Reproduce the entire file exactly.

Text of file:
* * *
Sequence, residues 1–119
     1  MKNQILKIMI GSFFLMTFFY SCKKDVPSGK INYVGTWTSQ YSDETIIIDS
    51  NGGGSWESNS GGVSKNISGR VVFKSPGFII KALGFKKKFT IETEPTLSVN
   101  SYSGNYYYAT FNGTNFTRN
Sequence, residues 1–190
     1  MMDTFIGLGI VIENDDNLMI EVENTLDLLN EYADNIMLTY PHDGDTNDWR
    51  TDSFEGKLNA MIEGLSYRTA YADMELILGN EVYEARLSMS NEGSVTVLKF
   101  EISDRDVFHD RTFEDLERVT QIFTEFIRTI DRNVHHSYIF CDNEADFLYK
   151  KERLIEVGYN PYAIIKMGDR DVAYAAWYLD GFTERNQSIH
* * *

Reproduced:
Sequence, residues 1–119
     1  MKNQILKIMI GSFFLMTFFY SCKKDVPSGK INYVGTWTSQ YSDETIIIDS
    51  NGGGSWESNS GGVSKNISGR VVFKSPGFII KALGFKKKFT IETEPTLSVN
   101  SYSGNYYYAT FNGTNFTRN
Sequence, residues 1–190
     1  MMDTFIGLGI VIENDDNLMI EVENTLDLLN EYADNIMLTY PHDGDTNDWR
    51  TDSFEGKLNA MIEGLSYRTA YADMELILGN EVYEARLSMS NEGSVTVLKF
   101  EISDRDVFHD RTFEDLERVT QIFTEFIRTI DRNVHHSYIF CDNEADFLYK
   151  KERLIEVGYN PYAIIKMGDR DVAYAAWYLD GFTERNQSIH